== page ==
Spain Tries to Buy Out Immigrants

Lisa Abend, Time, October 20, 2008

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{snip} Spain’s new Plan of Voluntary Return, which goes into effect Monday, entitles legal immigrants who have lost their jobs to receive unemployment benefits as a lump sum payment—as long as they agree to leave the country. Participants must turn in their residence permits and work visas and promise not to return to Spain for three years. In exchange, they receive 40% of their total unemployment payouts before departing and the remaining 60% once they are home—an expected average of just over $40,000 in total.

The measure is one attempt to solve Spain’s growing unemployment problem. With joblessness recently reaching a 15-year high of 11.3%, the country’s 4 million documented immigrants are feeling the pinch acutely. Unemployment among them is up 67.1% on average over 2007. Between April and August of this year, the number of immigrants receiving unemployment jumped from 165,217 to 280,298.

The Plan of Return also represents a sea change in the Spanish government’s once famously lenient immigration policies. Three years after offering work and residency papers to 750,000 migrants in a massive legalization, Prime Minister Jos[ a {e}] Luis Rodr[a {i}]guez Zapatero has gone on record supporting the European Union’s controversial Return Directive, which allows members states to hold undocumented migrants for up to 18 months. His government is also spending greater resources on preventing migrant-laden boats from reaching Spanish shores, and is studying a plan to restrict regroupment immigration to parents and their under-18 children. (Currently, the law also allows grandparents and in-laws of legal migrants to join their families.) “Politicians respond to public-opinion polls,” says Federico Winer, a journalist who writes on immigration issues for Tribuna Latina, an online newspaper directed at Spain’s Latin-American community. “And what the polls are telling them is that people are saying ‘Basta. It’s time to close the door.’”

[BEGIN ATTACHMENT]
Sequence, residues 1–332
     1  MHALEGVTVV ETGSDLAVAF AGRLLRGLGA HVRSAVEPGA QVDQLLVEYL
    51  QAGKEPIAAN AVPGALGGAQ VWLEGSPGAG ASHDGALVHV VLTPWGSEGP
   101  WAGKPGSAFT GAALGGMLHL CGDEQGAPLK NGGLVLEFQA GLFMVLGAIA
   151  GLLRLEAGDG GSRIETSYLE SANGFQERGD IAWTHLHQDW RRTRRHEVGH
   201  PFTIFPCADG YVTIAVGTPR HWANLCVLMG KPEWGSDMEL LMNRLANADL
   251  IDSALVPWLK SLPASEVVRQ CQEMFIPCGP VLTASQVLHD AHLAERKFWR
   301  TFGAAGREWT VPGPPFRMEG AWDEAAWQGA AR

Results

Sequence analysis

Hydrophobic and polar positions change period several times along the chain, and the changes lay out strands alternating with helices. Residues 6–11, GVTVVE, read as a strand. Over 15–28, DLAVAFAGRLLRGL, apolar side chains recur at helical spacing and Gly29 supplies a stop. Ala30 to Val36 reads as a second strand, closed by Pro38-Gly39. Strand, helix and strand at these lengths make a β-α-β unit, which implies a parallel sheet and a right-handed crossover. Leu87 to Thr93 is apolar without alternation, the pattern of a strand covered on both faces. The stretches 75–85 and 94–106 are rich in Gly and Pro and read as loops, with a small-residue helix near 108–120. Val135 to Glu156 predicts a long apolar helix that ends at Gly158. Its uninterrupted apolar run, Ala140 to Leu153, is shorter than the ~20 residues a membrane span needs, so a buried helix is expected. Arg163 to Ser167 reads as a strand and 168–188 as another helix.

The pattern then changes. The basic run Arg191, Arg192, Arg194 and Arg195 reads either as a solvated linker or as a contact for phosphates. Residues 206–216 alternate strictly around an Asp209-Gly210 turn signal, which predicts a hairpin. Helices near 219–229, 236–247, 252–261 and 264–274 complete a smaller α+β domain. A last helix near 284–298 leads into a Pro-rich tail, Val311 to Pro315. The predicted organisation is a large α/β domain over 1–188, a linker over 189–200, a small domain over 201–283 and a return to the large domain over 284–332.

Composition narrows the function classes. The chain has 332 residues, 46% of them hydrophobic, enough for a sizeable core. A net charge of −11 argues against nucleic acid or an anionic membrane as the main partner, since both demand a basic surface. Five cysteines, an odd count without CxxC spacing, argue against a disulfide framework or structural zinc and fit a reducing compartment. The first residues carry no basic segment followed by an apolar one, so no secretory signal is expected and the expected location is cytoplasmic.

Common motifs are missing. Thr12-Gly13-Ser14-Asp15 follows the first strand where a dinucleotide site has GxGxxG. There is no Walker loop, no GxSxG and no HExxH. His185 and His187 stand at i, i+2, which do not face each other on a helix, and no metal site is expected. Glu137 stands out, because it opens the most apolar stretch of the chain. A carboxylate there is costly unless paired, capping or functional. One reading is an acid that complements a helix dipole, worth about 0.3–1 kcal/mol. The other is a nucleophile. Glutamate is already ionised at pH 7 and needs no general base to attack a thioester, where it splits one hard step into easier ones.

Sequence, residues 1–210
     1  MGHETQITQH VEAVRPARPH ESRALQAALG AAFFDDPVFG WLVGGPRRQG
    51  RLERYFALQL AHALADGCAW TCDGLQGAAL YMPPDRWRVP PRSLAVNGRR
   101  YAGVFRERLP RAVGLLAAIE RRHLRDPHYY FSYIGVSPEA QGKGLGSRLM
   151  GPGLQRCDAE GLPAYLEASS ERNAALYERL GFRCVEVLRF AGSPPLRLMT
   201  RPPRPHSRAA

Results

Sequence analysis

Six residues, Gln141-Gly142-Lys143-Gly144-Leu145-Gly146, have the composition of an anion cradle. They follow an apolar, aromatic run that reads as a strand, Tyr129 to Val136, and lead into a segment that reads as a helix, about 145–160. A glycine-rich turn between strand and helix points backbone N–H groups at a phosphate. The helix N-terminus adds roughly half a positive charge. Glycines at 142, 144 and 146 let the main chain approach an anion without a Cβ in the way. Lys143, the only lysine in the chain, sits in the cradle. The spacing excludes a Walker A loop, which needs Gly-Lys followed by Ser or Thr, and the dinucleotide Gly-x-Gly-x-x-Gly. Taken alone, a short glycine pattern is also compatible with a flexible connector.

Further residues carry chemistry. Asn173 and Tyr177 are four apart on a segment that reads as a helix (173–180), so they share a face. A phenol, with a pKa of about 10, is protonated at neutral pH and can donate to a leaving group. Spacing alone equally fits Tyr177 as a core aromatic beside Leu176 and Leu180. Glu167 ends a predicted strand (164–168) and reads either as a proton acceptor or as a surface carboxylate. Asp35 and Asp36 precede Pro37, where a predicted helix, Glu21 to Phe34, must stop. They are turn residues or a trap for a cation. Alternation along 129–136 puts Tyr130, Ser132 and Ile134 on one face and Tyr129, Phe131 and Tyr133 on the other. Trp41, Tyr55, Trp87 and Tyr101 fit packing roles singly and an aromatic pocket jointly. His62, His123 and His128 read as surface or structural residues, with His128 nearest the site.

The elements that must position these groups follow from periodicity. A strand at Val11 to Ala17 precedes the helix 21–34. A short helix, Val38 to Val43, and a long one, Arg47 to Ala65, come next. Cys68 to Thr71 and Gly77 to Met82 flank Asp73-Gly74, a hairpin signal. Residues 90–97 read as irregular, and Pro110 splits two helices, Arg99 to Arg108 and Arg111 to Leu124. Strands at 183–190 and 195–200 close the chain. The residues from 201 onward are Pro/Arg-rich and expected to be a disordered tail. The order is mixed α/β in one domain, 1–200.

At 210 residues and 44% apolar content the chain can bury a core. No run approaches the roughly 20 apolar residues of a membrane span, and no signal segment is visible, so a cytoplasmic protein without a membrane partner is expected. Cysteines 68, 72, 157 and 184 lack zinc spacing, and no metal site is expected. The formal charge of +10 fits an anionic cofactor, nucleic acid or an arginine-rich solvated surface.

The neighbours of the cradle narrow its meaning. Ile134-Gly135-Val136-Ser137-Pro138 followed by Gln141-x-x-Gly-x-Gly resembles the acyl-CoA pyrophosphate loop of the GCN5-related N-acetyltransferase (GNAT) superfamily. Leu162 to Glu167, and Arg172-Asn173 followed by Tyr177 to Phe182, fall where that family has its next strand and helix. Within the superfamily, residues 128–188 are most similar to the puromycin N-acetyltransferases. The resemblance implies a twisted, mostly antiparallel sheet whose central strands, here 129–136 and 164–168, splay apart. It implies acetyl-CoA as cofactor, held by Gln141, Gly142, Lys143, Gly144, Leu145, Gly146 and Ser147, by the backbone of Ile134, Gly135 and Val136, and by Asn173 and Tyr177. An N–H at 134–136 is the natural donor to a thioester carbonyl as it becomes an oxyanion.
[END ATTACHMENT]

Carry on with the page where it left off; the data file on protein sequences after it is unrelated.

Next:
{snip}”Until recently, while the economy was booming, immigrants were the solution,” says Kamal Rahmouni, president of the Association of Moroccan Immigrant Workers in Spain (ATIME). “Now it’s as if they’re saying immigrants are the problem. The plan tells society that immigrants are responsible for the economic crisis.”

{snip} Ecuador makes up the second-largest source of migrants to Spain, but so far, only 186 Ecuadorans have signed up to return. Moroccans, who comprise the single largest immigrant group in Spain, are perhaps even more reluctant. In a poll conducted by ATIME, only 8% said they would be willing to renounce their visas and return to Morocco for three years in exchange for the payout.

{snip} But there’s an even more compelling answer, and it has to do with why new residents immigrated in the first place. “I came for a better life,” says Cadena, “and I got it. Food, clothing, my apartment—they’re all better here than in Bolivia. I’m not interested in going back.”

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